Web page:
Security Dealer & Integrator

JUL 2018

Find news and information for the executive corporate security director, CSO, facility manager and assets protection manager on issues of policy, products, incidents, risk management, threat assessments and preparedness.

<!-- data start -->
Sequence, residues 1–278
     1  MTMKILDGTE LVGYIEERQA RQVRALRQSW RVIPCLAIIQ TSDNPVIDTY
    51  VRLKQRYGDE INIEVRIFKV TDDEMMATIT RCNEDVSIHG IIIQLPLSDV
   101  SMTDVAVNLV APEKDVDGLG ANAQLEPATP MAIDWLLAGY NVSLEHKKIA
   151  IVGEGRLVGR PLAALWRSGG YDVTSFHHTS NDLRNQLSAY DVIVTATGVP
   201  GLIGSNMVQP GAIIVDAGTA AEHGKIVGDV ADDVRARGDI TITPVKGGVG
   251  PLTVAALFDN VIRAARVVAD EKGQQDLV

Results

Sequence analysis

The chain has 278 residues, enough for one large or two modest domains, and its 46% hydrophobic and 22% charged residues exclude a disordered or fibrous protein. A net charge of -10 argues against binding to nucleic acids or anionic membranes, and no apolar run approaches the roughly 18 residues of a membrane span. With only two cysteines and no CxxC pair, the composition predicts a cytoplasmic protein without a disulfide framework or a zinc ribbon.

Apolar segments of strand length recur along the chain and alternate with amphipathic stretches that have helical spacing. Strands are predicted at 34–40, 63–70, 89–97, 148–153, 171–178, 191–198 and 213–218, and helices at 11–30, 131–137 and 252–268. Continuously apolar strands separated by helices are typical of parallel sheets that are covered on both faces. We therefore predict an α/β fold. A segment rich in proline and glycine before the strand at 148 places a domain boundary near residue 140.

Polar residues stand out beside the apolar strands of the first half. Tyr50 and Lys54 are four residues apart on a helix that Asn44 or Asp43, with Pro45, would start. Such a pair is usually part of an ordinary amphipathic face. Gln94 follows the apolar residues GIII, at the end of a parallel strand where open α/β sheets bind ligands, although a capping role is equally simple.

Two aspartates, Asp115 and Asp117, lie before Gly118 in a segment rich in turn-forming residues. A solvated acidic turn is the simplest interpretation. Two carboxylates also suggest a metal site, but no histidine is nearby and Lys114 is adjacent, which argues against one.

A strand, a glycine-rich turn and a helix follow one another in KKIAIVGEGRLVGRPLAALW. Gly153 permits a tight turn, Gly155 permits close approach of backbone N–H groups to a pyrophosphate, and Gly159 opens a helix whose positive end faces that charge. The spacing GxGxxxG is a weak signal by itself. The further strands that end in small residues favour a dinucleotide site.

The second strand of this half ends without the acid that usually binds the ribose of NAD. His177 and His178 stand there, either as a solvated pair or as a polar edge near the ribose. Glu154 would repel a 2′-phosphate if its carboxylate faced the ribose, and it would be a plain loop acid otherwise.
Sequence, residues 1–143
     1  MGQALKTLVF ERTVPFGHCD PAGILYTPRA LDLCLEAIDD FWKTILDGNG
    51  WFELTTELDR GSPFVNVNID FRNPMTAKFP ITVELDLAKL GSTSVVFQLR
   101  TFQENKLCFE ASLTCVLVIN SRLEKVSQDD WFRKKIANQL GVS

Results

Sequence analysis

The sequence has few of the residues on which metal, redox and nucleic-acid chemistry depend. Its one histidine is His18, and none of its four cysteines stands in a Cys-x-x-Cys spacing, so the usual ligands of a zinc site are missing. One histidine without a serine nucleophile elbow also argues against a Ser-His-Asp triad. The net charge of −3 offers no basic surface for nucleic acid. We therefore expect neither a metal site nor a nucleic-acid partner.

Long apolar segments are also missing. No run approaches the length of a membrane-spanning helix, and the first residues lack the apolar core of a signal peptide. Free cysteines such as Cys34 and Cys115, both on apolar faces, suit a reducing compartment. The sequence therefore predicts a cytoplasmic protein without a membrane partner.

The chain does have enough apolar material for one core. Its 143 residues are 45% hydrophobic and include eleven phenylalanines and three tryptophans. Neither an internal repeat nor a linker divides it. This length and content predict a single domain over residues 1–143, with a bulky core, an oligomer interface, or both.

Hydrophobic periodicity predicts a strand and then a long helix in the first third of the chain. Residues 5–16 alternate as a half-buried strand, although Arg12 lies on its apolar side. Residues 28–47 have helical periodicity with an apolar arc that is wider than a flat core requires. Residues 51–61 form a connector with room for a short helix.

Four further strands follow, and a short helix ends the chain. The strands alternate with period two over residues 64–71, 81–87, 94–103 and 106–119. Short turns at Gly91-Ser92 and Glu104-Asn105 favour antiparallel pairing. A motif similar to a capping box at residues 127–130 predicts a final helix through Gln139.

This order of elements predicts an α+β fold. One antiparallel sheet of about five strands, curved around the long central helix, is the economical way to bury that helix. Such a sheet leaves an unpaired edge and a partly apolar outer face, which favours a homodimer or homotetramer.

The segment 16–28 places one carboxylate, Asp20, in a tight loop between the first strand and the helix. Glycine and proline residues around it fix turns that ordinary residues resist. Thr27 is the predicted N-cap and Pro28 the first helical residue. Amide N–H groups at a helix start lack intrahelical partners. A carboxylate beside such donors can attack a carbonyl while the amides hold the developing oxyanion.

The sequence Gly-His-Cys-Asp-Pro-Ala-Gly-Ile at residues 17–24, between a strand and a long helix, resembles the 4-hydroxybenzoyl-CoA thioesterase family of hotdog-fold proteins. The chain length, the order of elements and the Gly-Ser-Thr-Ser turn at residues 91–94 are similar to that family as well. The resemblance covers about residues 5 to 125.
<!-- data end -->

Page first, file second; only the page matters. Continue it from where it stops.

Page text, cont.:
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40 Security Dealer & Integrator / July 2018 How the Cannabis Industry Meshes Logistics and Security Technology Due to the highly regulated nature of the industry, many cannabis businesses require some form of "track-and-trace" solution. One company that has developed such an offering for the market is Flourish, whose supply chain management software solution was purpose-built for cannabis cultivation, manufac- turing and distribution operations to help them keep tabs on plants from seed-to-sale. "That includes tagging the plants, moving the plants through the different phases of cultivation, recording weights at harvest, tagging inventory that's packaged out and, when you get to manufacturing, tagging all of the subsequent packages and the history of where they came from," Flourish CEO Colton Griffin explains. The Flourish software can also be integrated with video management systems to tie security more tight- ly with certain aspects of the supply chain. "We work with our clients to identify certain chokepoints that would be valuable to have video associated with it," Griffin says. "That could be a station where you are weighing product, a shipping or receiving dock, or maybe just a locked storage cabinet or room. If you wanted video every time somebody entered a room or located inventory to a specific location…then we can send them a message and, of course, that video is searchable and there can be analytics on top of it." Steve Birkmeier, VP of Sales and Business Development for Arteco, whose Video Event Management System has been leveraged by five different cannabis facilities, says that while video surveillance is a stan- dard requirement for marijuana growers from a security perspective, it can also be used to help them operationally. "Compliance is the key to success in the cannabis industry," he says. "What we look at is how to take video security – a basic requirement – and apply it to the grower's facility in a way that increases their operational effectiveness toward compliance." Birkmeier says one of the ways Arteco has done that is by taking its Open Connector integration plat- form and incorporating seed-to-sale tracking software, which is a track-and-trace software similar to what can be found in the logistics industry. "It will track that plant from the moment it is cloned until it leaves the facility," Birkmeier says. Birkmeier adds that they have also seen demand from the cannabis industry for facial recognition solutions to be able to verify identities at certain checkpoints within the facilities. "If someone gets through with somebody else's credential and they are walking by what appears to be a passive camera...facial recognition will pick up that person's face as being someone not recognized by the system and log that as a security event," he says. "It is really a layered approach to security." Aside from traditional security technologies – such as video surveil- lance, access control and intrusion detection – there are a number of other solutions that integrators working in the cannabis growing market may have an opportunity to sell. These include augmented LED lighting systems that can be controlled remotely for indoor grow facilities; ven- tilation systems to remove noxious gases from the air; CO2 and oxygen sensors; temperature controls; as well as RFID solutions, which are used to tag and track plants. Cover Story CEO Colton Griffin founded Flourish, which provides software that not only tracks product from seed to sale, but also enables automation at each link in the cannabis supply chain. RFID provides a useful asset tracking technology for cannabis plants.

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